Internet Explorer and JavaScript copyright problem

IE, JavaScript and copyright

IE, JavaScript and copyright

After publishing recent update for User Role Editor plugin (version 3.3.) I got a couple of messages about WordPress crash after updating of plugin. That was very strange as for about 2,000 downloads for that moment we have only 2 installations with such problem.

The reason was simple. Did you guess already?
Yes, that was the former and noisy for almost every web developer browsers compatibility issue. There are no any problem with FireFox and Google Chrome. The only Internet Explorer (I tested versions from 6.0 to 8.0) automatically replaces ‘&copy’ part in the ‘&copy_from_user_role’ URL parameter name inside JavaScript code to the copyright © sign. That’s invalid role name inserted into WordPress database and the whole user roles and capabilities list crashes as a result. To isolate this problem I should use other name for this URL parameter – user_role_copy_from.
Wow!!! It started work as expected. Thank you, darling Microsoft. Is this so difficult to realize, that reserved HTML symbol © SHOULD be ended by ‘;’ semicolon symbol only in order to become the copyright © symbol. What the brilliant idea make replacement for reserved HTML symbol inside JavaScript string constant, which is part of calculated expression!

Look at the example of problematic code below:

el = document.getElementById('copy_user_role_from');
url = url +'&copy_user_role_from='+ el.value;
document.location.href = url;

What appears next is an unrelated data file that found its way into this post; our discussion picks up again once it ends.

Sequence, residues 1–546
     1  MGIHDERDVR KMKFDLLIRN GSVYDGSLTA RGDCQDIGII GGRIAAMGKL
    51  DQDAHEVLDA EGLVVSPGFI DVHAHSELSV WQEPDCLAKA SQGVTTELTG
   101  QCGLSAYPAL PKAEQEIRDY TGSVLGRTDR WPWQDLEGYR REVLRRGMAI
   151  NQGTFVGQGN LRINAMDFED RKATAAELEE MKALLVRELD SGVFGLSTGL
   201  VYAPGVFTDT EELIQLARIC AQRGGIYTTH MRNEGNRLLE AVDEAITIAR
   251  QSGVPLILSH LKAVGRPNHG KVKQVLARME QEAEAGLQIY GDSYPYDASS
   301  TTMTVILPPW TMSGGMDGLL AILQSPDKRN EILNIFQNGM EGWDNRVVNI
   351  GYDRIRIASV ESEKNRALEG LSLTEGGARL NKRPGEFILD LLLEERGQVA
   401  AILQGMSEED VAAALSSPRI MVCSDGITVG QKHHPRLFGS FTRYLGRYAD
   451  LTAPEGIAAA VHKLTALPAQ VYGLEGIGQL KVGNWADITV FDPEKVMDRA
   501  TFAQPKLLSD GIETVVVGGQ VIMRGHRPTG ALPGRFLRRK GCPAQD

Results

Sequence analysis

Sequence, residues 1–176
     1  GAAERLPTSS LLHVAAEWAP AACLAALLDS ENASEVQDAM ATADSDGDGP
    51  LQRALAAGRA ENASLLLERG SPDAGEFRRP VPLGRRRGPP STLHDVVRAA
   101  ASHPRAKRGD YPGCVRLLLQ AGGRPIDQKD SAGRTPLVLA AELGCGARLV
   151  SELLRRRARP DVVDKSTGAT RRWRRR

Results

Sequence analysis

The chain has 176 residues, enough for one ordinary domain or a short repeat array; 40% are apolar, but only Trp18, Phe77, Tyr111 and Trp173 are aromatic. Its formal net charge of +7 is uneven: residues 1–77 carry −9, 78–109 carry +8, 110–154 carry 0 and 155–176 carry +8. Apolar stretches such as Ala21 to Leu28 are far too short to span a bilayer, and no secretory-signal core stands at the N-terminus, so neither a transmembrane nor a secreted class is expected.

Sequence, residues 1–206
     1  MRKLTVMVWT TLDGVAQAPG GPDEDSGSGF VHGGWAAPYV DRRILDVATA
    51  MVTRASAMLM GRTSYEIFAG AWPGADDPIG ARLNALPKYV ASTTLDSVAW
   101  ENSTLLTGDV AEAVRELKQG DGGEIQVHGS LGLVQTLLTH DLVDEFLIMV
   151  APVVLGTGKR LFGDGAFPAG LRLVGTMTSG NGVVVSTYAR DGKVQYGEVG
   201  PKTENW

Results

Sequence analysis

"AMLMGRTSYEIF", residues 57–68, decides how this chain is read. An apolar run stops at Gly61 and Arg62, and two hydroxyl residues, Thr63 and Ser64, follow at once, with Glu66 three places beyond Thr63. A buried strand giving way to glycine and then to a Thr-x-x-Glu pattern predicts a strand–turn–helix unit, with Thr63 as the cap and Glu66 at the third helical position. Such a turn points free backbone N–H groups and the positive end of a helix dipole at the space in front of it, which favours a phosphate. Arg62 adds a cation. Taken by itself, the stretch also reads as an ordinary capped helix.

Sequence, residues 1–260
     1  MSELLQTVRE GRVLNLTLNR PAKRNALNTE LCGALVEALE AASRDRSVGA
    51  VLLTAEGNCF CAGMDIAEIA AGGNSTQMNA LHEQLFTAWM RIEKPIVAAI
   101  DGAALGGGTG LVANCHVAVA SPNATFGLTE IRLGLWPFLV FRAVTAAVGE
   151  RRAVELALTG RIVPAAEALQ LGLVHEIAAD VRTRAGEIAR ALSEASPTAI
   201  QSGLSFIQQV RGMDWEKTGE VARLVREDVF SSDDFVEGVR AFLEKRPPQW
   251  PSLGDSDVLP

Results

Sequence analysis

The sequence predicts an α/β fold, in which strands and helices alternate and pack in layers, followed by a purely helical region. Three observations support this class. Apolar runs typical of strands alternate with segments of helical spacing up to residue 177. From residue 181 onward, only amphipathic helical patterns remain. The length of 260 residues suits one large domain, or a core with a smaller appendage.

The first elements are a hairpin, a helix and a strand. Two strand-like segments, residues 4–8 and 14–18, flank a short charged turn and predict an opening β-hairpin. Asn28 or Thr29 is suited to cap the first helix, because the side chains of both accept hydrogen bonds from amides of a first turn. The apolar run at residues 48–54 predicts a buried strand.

Pay attention on the line #2. The source of problem was there at ‘&copy_’ characters.

Valid URL, as it is under Google Chrome and FireFox looks like:©_user_role_from=1

Under Internet Explorer we have:

IE copyright sign from javascript in URL

IE copyright sign from javascript in URL

As the browsers war is not ended and soldiers from that war is still here, every web developer should remember – start JavaScript variable name from HTML reserved word could be dangerous, as such variable name inside URL parameters linked with ‘&’ symbols could be interpreted by Internet Explorer as special symbol from HTML standard, e.g.  , ©, <, etc…, which could lead to unpredictable result in case of auto-replacement. This is the other reason to realize strong server-side checking of what value you got with parameter from the client.

Thanks to Michael Wiekenberg for the help with isolating this issue.

Did you meet with similar unexpected behavior of so popular browser?

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